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Researcher from Heidelberg Sets New Standard with the World’s Fastest Nano-microscope

29 10 2008
Professor Christoph Cremer following his break-through concept of the 4Pi microscopy in 1971 has now broken, for a second time in his research career, the limits of what can be achieved through lightoptical microscopy
“Very deep, very wide, in vivo and above all ultra rapid” is the headline description used by Professor Christoph Cremer, head of Applied Optics and Information Processing of the Kirchhoff Institute for Physics at Heidelberg University, when describing his optical nanoscope Vertico-SMI, which he intends to use to unravel the cell’s molecular mysteries.  Professor Christoph Cremer following his break-through concept of the 4Pi microscopy in 1971 has now broken, for a second time in his research career, the limits of what can be achieved  through lightoptical microscopy.

Prof. Cremer, who is one of the five winners in the German excellence-cluster competition with his stem-cell project in the biotech cluster “Cell-based and Molecular Medicine”, thus makes his contribution to the Initiative of Excellence of Heidelberg University.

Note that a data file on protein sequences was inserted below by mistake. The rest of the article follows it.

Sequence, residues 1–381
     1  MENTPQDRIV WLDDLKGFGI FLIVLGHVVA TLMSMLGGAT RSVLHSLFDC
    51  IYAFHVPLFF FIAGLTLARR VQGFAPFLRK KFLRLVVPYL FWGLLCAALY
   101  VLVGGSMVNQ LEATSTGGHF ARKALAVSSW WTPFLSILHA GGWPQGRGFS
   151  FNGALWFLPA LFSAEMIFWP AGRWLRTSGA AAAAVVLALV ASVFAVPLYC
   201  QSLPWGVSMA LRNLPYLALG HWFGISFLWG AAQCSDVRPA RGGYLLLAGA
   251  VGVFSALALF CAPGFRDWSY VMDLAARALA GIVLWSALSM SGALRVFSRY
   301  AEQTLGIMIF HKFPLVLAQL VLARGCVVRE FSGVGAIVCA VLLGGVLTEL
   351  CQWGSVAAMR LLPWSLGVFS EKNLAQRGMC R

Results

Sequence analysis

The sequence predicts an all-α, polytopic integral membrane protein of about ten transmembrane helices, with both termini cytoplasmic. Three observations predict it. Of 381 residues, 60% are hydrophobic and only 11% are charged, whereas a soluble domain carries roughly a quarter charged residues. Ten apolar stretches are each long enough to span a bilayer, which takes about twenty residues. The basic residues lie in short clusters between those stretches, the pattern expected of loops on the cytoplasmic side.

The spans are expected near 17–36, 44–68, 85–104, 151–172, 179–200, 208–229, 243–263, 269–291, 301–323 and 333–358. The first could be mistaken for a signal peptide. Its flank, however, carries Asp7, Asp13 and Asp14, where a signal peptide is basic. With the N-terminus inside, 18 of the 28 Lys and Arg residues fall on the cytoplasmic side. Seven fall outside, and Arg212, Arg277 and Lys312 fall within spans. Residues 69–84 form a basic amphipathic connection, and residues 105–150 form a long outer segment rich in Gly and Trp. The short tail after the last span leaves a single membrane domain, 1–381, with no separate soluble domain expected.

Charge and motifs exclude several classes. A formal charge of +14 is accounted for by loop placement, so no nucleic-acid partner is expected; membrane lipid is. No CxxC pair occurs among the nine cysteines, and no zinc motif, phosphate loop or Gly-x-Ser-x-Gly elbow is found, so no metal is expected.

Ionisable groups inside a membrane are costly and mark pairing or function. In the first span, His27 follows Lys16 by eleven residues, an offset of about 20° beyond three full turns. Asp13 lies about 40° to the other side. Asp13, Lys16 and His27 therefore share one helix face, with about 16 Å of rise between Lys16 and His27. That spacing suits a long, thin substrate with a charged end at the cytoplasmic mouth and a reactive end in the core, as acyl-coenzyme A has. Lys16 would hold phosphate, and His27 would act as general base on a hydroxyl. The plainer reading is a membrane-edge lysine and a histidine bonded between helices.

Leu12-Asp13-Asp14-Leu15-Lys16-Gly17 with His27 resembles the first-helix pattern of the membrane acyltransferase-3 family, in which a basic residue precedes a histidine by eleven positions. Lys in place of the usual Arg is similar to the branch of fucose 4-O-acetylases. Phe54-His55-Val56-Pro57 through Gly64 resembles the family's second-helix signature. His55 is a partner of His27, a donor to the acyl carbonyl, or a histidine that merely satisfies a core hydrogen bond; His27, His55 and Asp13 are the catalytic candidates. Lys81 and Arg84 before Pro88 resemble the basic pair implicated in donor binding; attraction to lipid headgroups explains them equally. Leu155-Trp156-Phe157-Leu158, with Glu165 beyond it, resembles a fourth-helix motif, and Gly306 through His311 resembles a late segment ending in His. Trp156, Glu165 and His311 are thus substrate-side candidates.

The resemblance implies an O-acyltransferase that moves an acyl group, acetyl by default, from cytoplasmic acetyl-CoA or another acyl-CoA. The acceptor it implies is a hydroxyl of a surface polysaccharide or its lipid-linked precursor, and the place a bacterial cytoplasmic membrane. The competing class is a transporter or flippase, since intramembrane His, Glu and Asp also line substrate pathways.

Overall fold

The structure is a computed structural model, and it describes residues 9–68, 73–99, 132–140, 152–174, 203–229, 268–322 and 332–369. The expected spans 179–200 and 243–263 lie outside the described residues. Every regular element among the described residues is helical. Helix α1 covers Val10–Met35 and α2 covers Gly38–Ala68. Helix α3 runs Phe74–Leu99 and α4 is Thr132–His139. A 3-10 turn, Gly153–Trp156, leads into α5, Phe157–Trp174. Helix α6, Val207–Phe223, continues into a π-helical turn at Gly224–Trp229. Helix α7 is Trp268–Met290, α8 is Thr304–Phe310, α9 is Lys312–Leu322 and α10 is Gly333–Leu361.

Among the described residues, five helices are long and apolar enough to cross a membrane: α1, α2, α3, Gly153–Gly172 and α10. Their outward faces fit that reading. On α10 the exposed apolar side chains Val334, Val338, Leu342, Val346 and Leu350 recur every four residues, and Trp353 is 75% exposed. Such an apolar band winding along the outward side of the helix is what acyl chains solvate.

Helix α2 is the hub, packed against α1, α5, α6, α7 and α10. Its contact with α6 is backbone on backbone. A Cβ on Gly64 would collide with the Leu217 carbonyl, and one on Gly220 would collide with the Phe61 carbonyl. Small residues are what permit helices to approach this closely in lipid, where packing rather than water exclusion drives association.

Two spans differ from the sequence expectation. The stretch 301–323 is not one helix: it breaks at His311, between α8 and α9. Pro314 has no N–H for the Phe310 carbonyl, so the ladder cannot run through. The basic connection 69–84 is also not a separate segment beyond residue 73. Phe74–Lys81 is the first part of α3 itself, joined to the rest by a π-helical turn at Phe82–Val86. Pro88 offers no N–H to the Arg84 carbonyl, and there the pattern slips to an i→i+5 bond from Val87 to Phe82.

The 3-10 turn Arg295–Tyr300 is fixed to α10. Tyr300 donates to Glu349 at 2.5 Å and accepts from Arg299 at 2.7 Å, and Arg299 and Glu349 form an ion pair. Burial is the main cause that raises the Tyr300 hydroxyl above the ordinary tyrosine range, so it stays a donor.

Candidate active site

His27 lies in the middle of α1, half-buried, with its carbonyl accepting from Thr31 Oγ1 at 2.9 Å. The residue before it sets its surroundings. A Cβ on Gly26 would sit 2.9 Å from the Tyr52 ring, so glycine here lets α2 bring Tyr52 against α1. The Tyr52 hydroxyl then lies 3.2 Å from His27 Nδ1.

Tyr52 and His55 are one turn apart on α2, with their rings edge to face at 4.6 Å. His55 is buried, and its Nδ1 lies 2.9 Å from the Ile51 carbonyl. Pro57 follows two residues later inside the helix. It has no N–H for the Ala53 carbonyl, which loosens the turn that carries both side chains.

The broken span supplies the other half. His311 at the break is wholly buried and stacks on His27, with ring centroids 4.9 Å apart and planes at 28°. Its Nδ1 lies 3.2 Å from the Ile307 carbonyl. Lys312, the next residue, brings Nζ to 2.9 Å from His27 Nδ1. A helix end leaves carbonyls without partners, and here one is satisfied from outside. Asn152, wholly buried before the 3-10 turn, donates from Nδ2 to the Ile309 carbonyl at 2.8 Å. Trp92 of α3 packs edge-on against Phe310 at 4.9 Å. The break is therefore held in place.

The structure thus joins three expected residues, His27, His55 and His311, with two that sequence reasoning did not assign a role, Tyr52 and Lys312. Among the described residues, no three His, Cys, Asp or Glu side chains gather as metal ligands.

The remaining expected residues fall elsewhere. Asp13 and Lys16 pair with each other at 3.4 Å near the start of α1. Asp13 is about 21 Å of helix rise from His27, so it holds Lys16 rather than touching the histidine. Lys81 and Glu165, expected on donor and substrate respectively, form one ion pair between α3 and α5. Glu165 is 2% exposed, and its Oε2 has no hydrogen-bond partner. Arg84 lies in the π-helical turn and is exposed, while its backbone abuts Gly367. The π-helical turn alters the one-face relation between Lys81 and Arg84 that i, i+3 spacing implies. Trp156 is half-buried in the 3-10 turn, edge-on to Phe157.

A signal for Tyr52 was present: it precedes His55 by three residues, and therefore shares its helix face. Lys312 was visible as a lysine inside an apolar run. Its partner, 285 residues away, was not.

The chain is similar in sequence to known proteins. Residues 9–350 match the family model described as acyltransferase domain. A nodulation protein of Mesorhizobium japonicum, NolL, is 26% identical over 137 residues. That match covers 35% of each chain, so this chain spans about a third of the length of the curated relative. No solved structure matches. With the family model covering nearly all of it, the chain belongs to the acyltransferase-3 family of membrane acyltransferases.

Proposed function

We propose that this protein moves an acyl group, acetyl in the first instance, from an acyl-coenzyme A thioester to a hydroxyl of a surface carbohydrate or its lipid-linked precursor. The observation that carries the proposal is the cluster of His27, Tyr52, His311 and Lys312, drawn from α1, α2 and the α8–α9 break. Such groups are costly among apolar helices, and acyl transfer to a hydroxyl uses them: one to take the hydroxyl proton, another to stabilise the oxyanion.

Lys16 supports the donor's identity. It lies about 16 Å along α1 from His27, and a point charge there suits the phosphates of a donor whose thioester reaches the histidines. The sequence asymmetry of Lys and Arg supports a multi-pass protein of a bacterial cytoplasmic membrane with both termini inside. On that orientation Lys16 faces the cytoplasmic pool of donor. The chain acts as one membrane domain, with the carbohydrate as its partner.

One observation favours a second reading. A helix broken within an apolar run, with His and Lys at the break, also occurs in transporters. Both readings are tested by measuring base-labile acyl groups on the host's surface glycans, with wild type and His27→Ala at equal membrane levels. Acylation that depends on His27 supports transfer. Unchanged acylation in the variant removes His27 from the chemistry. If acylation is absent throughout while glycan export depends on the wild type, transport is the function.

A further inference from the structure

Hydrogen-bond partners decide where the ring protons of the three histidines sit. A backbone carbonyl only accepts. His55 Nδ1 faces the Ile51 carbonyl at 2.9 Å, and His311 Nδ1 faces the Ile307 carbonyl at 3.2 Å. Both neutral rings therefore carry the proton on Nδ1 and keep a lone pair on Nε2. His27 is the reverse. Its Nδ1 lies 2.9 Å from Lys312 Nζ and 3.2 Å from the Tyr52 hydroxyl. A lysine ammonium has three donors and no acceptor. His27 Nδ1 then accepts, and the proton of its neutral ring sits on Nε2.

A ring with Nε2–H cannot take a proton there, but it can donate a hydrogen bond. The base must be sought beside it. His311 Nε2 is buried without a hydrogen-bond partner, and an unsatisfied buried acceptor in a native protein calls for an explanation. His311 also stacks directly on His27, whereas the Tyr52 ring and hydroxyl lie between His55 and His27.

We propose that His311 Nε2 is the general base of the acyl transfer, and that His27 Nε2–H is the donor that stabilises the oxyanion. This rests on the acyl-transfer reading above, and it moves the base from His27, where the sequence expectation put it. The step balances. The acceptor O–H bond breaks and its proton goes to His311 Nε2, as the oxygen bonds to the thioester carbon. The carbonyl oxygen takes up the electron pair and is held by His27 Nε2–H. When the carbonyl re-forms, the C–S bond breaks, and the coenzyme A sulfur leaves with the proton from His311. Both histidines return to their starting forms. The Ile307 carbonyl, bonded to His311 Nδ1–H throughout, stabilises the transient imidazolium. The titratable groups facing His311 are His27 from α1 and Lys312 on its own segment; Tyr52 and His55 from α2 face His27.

“A combination of four decisive advantages places Cremer’s Nanoscope at the leading edge: firstly, the possibility of investigating large cellular areas with a spatial resolution of down to 10 nanometres; secondly, the unsurpassed recording and image processing speed, which, thirdly, makes it possible to take nano-images of whole living cells in 3D and in real time; fourthly, the option to use common fluorescent dyes. This offers ideal conditions for routine use”, says the Innovation Manager, Dr Andrea Nestl from the Technologie-Lizenz-Büro (TLB) GmbH, who is in charge of the commercialisation of this patent portfolio (Tel. +49 721 7900456,